Envision a black woman: her “blackness” emanating out of every kink and coil on her afroed head, a true Sista™ through and through. Erykah Badu plays in the background while brazen hoteps gather at her feet. She doesn’t have a sew-in. She doesn’t contour. By God, she’s “natural.”
I am, under current terminology, a “natural” of roughly nine years. Relaxer touch-ups were annoying and expensive. My hair was actually extremely healthy. After going natural, nearly all my hair broke off, but now we’re a force to be reckoned with.
I’ve spent just as much money trying out products and curlers as I have going to salons. As a woman who loves to play with different looks, there are tons of hair styles I’d love to sport, regardless of race. Yet the moment I reach for the flat iron or mention the word “keratin treatment,” I break hearts. Apparently I can’t like both. Suddenly a grand jury is held about my hair. Whites and blacks tell me I shouldn’t be ashamed of my blackness. The verdict? Guilty of “white-washing.” All the books I have, articles I’ve read and statements I’ve written on black history and social justice are thrown out the window because I wanted finger waves.
Ya’ll. It’s just some damn hair.
I know why the natural hair movement exists, and I respect it. I will always give props to those trying to break down race, culture, femininity, etc. The movement rebels against the iconic long, silky hair that is seen as essentially “female.” We’re trying to combat the Eurocentric ideals embedded in us from colonization — and pick up the advancement in afro hair care technology that for decades has been largely absent while we made strides emulating straighter hair.
However, longer and finer hair textures don’t solely belong to white people. In fact, it’s a hair texture that most people in the world have. But those on the defense will be the first to scream that I want to be white because I miss sun hats fitting on my head.
Natural afro hair comes with its own set of rules. I personally feel I can’t be anything but high-maintenance, lest a giant, matted dreadlock form on top of my head. Yet there is the subtle notion that if you leave the natural hair movement for a moment, you’re betraying something deeper. We’re assigning a woman’s intellect, value and authenticity to dead protein on her scalp.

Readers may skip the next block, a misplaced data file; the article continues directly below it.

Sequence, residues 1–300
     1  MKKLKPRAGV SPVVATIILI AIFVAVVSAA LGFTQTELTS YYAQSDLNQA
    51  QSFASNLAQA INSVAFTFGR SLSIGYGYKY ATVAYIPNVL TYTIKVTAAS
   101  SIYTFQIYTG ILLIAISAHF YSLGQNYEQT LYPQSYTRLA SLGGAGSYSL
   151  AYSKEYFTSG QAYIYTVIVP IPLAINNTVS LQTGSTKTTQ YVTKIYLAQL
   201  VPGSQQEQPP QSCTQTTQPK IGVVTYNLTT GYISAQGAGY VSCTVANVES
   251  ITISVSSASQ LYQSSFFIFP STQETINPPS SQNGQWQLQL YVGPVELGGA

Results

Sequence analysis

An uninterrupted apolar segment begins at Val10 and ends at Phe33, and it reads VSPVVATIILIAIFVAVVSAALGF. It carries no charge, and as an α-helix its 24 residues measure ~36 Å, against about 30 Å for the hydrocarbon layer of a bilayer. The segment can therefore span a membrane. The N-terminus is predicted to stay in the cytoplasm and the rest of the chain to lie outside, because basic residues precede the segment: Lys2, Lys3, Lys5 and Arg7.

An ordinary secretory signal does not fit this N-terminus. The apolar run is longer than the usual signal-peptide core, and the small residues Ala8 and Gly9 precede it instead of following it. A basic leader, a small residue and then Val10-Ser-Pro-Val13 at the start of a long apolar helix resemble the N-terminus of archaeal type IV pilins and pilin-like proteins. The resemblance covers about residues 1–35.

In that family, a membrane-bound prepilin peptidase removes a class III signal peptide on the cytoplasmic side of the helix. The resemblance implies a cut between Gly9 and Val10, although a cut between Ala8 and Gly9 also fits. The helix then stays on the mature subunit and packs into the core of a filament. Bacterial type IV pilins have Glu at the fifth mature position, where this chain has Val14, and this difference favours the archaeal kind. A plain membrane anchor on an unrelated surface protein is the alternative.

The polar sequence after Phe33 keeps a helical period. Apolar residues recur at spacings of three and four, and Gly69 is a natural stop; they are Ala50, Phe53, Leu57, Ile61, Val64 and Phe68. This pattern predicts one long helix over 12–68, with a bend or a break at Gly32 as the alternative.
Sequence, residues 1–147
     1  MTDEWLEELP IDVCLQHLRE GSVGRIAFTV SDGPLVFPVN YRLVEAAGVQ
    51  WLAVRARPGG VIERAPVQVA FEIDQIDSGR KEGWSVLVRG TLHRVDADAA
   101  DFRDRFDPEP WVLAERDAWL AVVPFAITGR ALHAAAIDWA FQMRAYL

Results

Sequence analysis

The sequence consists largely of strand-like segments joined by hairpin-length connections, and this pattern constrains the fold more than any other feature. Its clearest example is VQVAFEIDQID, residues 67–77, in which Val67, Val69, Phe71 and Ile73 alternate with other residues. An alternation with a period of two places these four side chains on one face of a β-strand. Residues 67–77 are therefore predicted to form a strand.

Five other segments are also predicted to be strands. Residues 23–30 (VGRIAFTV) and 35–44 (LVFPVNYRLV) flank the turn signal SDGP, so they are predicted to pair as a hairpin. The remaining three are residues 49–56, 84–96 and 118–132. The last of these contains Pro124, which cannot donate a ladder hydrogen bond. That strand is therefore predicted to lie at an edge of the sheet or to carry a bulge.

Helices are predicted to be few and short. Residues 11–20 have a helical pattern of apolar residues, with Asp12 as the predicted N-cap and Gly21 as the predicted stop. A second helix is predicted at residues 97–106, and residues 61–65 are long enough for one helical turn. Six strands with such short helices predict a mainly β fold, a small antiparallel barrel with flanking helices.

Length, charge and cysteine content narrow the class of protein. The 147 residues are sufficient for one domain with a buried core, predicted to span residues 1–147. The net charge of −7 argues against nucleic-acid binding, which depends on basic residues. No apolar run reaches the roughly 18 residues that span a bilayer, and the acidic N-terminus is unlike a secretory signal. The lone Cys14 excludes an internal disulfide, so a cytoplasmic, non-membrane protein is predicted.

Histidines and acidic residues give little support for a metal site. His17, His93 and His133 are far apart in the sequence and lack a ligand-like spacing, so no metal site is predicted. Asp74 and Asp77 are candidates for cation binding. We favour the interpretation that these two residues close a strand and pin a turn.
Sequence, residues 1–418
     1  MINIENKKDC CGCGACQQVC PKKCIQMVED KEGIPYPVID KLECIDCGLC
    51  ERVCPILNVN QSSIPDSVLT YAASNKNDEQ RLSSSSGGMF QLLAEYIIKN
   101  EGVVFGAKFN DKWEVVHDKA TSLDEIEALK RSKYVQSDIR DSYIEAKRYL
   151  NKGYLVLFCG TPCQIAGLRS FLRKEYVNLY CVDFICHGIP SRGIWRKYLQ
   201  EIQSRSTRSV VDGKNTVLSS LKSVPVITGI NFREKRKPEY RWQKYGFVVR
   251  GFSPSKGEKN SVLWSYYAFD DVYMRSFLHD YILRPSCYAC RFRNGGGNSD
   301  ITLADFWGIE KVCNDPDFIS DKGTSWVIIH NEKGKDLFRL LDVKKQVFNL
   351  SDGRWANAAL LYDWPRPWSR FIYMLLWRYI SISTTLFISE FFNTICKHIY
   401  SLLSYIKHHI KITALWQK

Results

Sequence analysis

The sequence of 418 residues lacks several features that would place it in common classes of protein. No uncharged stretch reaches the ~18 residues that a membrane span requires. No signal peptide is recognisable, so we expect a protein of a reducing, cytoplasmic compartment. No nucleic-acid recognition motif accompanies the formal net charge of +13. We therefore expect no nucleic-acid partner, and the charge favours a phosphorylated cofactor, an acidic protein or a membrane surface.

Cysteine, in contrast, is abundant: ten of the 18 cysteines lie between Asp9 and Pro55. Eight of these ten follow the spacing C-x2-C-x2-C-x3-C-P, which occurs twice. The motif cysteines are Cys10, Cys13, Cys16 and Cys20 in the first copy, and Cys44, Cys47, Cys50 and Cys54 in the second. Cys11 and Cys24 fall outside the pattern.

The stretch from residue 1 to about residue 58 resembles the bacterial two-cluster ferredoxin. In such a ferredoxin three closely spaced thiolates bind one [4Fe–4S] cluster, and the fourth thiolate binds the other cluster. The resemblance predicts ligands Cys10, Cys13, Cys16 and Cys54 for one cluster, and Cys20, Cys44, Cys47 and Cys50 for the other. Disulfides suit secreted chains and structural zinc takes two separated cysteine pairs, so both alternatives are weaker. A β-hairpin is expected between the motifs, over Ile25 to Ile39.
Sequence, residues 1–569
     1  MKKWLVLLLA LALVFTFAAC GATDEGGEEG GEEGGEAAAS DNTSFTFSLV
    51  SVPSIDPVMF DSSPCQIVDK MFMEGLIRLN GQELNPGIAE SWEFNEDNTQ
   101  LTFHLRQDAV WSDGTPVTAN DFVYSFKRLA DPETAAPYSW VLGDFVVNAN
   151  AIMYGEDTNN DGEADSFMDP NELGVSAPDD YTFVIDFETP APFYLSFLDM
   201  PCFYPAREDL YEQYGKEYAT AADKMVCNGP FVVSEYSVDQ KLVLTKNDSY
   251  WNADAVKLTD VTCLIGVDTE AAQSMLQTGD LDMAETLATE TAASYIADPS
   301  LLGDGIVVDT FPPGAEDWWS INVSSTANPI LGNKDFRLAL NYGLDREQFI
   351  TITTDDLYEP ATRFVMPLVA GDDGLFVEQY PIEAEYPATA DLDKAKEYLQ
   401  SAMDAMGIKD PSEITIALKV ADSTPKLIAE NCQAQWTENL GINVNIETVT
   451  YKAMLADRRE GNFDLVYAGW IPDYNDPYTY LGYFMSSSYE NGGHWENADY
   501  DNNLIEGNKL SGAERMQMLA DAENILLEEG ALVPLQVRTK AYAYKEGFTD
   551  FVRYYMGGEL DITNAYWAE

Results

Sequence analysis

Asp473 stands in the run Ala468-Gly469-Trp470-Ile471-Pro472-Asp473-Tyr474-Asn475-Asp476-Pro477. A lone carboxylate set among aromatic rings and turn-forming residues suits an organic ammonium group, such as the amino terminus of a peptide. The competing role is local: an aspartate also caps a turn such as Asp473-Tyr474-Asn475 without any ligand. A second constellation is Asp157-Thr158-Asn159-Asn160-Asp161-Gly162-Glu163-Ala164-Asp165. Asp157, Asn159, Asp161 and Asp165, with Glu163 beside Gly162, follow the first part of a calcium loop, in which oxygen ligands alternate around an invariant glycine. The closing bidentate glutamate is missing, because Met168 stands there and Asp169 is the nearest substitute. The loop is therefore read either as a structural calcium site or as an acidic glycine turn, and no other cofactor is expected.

There are no women of any other race that are made to feel this way if they alter their hair.
Nobody kicks up a fuss if they chemically change it, color it or use a curling wand. Once again, the black woman is stripped of her thoughts and feelings, her ability to self-express, the projections of what she’s “supposed to be” that others place on her.
Long debates on what constitutes “natural,” from products to heat, leave many ladies confused and even sidelined. It’s become a battle of purity while belittling a woman’s choice to look however the hell she wants to look. Some wear the “natural” title as a badge of honor as if they’re somehow better. A weave isn’t the symbol of black power. But doesn’t black power mean to uplift our fellow sisters and brothers — not beat them down over aesthetics?
I’m starting to see less animosity towards women who decide to go back to straightening their hair, but the fact is, it remains something only black women have to put up with. No matter what’s growing (or isn’t growing) from our heads, we can still fight white supremacy and the patriarchy.